Also looks like a great app, with very nice reviews! Free and supports the Equil Smartpen (this means you can write notes with a ballpoint pen on paper and it automatically transfers those notes into the app. Converts handwriting into editable text and recognizes 11 (!!) languages. By far, my favorite on the list.
A simpler version of the first two apps, Handrite Note Notepad allows you to simply write stuff down and see it appear on the main page. The images on google play show it being used on a phone, so hopefully it’s more spacious on the actual tablet.
Definitely the best app for typing notes. Notes can be synchronized on any device (apple, windows, android) and are reachable from anywhere. I use this app mostly to take screenshots of stuff I like on the internet and then finding them in my phone when I’m at a craft store (thinking, “What should I buy today….?”)
Trying to figure out the situation with planners right now, so here’s a list of some nice ones I’ve found online:
1. Whitney English Planner Very minimalistic, elegant and practical. I’ve seen it being used at my university, and the reviews are wonderful!
A great little system that allows you to keep everything you need in one place. A bit on the higher end, however, but people use it for years. You can refill with whatever sheets you need (monthly/weekly/daily/to-do’s/meals, notes, etc.), use a ton of sticky notes, stickers, etc. The whole website is magical.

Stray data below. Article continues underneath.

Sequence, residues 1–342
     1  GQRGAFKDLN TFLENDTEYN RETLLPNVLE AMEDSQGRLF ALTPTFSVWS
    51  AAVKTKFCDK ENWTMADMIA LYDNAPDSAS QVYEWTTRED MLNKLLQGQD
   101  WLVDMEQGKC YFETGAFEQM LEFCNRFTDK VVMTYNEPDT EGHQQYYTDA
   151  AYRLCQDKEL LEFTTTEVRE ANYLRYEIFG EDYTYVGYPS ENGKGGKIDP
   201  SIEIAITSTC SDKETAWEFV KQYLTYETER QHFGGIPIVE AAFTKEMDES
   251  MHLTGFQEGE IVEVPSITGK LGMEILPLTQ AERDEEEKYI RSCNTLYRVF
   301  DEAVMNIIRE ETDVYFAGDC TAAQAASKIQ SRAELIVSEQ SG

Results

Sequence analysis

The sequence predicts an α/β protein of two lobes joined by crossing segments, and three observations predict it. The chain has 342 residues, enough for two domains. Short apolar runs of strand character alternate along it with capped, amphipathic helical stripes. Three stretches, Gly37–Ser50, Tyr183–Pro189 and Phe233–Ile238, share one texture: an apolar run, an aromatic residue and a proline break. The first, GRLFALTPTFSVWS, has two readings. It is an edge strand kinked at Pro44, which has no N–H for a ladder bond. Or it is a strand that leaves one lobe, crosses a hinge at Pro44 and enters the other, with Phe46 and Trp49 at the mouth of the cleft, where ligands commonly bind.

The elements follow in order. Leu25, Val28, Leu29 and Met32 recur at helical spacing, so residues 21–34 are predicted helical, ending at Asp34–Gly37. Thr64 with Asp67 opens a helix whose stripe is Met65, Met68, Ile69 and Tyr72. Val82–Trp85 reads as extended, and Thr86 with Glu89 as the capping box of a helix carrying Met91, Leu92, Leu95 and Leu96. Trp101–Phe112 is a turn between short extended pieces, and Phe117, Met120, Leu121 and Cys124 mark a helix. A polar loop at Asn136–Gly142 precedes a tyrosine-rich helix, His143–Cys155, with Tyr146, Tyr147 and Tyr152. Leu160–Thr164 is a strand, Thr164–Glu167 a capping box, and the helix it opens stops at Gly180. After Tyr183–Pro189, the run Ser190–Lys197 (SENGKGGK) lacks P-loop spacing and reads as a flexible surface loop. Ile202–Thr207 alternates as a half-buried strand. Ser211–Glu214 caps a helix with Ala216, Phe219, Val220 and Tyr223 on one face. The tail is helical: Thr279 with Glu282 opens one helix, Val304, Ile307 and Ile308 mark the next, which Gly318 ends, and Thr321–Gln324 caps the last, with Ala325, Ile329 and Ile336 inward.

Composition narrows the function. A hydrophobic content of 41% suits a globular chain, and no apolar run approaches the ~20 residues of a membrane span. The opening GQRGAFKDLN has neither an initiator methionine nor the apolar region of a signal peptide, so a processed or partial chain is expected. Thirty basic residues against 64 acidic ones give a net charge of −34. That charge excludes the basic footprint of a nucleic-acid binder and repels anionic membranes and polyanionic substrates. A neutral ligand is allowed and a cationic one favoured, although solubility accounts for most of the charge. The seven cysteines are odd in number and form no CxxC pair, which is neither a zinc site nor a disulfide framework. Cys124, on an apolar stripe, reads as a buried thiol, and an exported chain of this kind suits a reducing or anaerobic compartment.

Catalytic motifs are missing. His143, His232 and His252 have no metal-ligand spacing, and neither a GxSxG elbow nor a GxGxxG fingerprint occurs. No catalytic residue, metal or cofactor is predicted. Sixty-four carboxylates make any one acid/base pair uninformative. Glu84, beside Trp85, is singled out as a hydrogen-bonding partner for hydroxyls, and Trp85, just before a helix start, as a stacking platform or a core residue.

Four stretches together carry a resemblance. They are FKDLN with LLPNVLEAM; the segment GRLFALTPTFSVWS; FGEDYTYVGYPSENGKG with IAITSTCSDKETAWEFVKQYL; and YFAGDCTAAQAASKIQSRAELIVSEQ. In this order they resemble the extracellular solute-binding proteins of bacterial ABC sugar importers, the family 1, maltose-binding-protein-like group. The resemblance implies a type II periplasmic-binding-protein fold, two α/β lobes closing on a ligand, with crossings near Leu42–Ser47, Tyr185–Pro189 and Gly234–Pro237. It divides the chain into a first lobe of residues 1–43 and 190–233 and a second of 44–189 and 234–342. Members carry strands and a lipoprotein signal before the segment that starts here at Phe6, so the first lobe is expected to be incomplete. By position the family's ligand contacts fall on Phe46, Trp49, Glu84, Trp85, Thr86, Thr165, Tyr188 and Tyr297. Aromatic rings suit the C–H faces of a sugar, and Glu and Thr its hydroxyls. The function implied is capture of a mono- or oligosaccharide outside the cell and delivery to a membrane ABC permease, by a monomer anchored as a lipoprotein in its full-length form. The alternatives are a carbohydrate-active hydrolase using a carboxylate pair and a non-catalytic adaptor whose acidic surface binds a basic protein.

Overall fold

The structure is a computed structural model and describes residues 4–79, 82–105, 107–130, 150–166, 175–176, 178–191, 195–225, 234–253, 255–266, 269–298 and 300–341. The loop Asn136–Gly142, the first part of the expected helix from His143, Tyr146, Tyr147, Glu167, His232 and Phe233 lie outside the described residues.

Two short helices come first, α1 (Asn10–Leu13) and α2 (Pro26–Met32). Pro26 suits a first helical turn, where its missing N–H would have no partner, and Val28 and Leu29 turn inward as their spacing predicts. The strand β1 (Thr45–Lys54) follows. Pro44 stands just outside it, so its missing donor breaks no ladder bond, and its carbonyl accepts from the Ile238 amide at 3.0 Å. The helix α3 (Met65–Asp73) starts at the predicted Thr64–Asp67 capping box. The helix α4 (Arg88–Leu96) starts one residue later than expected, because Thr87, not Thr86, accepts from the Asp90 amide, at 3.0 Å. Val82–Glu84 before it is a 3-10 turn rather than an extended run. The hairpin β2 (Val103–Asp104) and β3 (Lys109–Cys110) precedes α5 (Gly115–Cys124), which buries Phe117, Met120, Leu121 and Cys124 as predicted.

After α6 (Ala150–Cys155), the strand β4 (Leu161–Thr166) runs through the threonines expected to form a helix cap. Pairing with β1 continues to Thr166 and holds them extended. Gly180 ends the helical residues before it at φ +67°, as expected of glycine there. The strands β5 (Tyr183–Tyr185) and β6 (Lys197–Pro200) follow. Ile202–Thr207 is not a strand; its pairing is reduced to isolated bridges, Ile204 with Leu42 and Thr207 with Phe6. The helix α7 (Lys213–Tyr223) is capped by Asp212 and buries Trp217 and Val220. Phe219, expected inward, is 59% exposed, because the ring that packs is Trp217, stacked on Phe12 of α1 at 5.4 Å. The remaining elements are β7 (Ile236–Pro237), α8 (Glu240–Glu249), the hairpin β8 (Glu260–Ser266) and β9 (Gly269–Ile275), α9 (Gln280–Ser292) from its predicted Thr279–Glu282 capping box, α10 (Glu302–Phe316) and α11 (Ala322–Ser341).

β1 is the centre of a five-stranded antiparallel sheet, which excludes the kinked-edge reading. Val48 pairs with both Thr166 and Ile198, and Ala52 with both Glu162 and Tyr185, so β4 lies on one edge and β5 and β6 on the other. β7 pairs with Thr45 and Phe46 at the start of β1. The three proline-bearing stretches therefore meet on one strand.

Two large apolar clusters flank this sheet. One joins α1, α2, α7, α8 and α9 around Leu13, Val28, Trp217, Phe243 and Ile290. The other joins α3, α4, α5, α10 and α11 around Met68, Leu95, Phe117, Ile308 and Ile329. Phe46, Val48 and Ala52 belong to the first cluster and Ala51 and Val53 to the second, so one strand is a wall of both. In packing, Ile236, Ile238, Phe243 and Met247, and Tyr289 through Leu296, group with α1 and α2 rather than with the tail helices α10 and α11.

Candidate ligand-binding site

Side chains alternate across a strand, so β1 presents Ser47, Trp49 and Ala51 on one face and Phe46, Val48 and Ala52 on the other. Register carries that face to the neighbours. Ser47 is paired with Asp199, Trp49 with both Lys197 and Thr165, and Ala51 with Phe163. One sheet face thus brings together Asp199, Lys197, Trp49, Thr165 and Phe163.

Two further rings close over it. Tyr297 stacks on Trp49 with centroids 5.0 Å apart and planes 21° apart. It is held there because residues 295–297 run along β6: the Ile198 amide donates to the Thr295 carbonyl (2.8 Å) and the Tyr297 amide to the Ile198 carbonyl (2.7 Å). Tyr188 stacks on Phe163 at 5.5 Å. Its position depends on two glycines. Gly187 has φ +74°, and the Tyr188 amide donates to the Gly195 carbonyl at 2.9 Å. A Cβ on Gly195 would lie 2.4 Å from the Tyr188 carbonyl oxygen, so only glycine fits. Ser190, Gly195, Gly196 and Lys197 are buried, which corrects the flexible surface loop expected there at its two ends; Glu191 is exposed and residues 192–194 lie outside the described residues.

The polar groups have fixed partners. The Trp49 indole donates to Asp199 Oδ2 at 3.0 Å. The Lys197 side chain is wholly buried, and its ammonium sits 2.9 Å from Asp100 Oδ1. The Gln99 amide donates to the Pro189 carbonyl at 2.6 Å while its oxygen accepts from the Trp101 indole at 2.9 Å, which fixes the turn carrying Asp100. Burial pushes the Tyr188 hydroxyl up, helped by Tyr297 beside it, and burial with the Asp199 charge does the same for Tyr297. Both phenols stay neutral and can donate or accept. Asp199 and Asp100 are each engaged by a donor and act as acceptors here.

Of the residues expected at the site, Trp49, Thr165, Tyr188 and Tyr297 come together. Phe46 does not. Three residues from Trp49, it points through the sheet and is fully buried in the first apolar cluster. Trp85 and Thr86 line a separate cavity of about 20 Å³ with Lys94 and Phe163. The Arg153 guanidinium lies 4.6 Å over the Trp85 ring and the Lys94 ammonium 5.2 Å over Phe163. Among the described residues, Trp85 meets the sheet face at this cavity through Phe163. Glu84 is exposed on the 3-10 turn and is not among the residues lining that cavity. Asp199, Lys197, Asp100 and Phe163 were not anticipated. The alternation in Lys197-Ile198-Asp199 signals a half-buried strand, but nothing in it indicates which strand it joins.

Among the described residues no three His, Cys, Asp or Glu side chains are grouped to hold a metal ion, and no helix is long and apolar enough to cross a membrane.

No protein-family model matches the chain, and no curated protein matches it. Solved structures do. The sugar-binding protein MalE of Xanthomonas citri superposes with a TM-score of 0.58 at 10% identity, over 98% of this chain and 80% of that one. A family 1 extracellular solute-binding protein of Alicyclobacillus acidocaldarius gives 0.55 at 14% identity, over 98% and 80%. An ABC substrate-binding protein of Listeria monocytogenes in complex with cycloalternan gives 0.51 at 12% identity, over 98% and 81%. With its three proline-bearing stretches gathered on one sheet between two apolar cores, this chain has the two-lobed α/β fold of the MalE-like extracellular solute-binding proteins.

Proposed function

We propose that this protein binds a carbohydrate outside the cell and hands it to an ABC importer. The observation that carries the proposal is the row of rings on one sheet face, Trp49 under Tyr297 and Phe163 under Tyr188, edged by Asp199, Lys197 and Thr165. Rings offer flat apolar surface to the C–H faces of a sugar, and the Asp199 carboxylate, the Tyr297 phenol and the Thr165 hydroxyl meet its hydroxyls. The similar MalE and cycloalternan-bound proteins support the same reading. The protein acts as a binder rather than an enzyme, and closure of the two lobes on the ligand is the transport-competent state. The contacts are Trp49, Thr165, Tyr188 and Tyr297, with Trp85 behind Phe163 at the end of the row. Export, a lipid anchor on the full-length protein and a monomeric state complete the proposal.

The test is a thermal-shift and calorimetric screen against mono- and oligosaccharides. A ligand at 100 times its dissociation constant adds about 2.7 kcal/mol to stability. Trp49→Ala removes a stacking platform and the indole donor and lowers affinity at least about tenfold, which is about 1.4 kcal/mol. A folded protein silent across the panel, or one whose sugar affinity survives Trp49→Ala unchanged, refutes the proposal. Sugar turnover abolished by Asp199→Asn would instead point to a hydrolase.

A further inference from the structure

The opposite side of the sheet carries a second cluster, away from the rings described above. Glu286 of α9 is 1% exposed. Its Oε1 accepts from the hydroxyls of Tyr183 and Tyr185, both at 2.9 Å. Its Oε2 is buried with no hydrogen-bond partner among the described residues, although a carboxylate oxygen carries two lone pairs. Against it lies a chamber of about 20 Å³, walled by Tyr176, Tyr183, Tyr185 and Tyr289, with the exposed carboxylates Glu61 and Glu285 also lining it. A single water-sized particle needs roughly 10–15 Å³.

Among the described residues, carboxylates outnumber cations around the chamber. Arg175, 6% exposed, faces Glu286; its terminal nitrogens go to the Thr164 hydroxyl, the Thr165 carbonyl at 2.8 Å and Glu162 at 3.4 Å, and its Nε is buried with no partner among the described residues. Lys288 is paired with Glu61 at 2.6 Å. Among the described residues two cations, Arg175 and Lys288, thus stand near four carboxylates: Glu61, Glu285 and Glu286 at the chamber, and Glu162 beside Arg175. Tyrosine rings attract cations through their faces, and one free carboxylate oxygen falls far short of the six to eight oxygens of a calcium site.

Check out also: Filofaxomania, Filofax, Filofax & Planners on Pinterest
A few days ago I was approached by an representative of TRANSTUTORS.COM, which isan online tutoring center that offers access to 600,000+ solved homework problems. Thousands of answered questions, variety of courses, an online tutoring system sounded very tempting to me, so I agreed to review the website.
Like many other students, I am very familiar with procrastination and often find myself in situations where I am scrambling to complete the next week’s homework on a Sunday night. Unfortunately, pulling all-nighters is not something I can do physically: after about 11 p.m. my brain decides to pass out, and I end up in a staring contest with my textbook.